Prof. Rosa Ficek ’03, anthropology, of the University of Puerto Rico at Cayey explored the current political climate of Puerto Rico and the nature of its relationship with the United States.

Boris Tsang / Sun Assistant Photography Editor

Prof. Rosa Ficek ’03, anthropology, of the University of Puerto Rico at Cayey explored the current political climate of Puerto Rico and the nature of its relationship with the United States.

March 6, 2018

U.S. and Puerto Rico Relations Following Hurricane Prevented ‘Temporary Institutional Change,’ Says Prof

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Prof. Rosa Ficek ’03, anthropology, University of Puerto Rico at Cayey, connected Puerto Rico’s situation following Hurricane Maria to an underlying “neo-liberal” structure that links Puerto Rico to the United States in a lecture on Monday.

Ficek began her lecture by asking the audience a simple question: “Everything was destroyed. … [so we wondered,] what was taking so long?”

She argued that the federal government responded with more flexibility to the 2005 Hurricane Katrina than to Hurricane Maria because bureaucrats were much more empathetic to the plight of the mainlanders than to that of the Puerto Ricans.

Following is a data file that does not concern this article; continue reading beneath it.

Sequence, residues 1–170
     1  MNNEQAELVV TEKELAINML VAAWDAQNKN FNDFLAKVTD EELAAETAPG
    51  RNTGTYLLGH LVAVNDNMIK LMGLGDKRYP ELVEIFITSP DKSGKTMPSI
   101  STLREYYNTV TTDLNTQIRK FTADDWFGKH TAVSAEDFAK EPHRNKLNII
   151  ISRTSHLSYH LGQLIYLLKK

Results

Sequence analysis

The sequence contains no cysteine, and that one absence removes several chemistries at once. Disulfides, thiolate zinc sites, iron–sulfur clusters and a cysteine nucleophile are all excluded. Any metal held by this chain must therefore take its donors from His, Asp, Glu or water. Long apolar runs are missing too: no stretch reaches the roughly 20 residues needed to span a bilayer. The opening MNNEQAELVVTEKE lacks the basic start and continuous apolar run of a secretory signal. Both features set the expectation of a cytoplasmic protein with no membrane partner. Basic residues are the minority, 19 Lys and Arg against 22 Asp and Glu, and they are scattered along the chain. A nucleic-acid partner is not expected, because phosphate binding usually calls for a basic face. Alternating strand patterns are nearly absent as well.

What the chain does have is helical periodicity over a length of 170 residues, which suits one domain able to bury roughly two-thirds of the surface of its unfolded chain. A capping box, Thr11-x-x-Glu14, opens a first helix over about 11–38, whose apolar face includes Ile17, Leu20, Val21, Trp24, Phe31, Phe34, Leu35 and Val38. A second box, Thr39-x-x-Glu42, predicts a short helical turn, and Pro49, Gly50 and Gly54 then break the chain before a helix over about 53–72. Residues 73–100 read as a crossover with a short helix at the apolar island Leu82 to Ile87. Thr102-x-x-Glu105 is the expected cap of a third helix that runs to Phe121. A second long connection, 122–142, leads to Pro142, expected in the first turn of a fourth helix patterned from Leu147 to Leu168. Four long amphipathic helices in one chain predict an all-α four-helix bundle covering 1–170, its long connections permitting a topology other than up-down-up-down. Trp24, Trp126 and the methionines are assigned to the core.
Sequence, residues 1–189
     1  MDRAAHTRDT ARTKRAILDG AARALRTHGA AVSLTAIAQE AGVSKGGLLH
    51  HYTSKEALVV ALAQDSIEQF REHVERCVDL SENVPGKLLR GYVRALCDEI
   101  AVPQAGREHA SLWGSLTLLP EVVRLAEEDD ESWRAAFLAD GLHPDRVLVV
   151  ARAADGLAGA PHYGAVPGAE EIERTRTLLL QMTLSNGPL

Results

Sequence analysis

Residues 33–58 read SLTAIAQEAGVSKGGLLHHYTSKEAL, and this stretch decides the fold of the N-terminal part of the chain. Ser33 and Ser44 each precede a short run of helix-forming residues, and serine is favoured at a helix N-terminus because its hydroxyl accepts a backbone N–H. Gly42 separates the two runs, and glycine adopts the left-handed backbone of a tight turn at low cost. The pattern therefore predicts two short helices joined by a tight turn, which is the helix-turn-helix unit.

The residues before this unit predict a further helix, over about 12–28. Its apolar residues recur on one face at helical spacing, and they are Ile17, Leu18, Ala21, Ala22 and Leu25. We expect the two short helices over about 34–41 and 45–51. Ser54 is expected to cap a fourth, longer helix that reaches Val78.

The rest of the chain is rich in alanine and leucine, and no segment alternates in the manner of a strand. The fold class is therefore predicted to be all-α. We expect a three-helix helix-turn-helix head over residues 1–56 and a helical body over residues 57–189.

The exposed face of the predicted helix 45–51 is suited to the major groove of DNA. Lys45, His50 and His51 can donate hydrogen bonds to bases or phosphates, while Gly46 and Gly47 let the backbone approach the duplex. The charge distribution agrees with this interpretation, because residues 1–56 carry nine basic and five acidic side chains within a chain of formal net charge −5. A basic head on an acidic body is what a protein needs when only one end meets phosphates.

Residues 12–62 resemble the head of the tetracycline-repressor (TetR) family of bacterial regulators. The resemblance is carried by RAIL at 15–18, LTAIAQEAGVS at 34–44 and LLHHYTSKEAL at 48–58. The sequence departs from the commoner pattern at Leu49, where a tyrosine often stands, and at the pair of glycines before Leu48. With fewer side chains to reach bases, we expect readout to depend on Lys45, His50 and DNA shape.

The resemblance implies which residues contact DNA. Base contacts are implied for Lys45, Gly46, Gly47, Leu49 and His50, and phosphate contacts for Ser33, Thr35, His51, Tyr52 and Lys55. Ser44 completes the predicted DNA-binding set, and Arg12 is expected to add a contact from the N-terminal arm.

“Bureaucrats often bend the rules when they are aware of the broader context and feel empathy towards those who need emergency help,” Ficek said. “[Yet,] the socially constructed difference between those in the government and those in [Puerto Rico] was too large to make that leap towards temporary institutional change.”

This empathy gap displayed in federal relief efforts is another reminder of the subtle racism Puerto Ricans face on a daily basis, according to Ficek.

“The embodied experience of surviving Maria reconstitutes Puerto Ricans as racialized colonial subjects,” she said.

When Puerto Ricans decried the ineffective federal response, U.S. officials attributed the slow relief effort to “irrational, improperly political Puerto Rican officials” who do not understand proper bureaucratic procedures.

Lacking proper federal support, Puerto Ricans turned to each other to survive the disaster, according to Ficek.

“People mobilized family and community networks, along with material objects, … [creating] improvised infrastructures that compensated, however inadequately, for what was gone,” Ficek said.

In conclusion, Ficek argued that the situation in Puerto Rico reflects the colonial power relations between Puerto Rico and the United States.

“[Conceptualizing the government’s response] as a productive assertion of colonial power … [allows us to understand] how projects of neo-liberal governance racialize bodies and devalue lives,” Ficek said.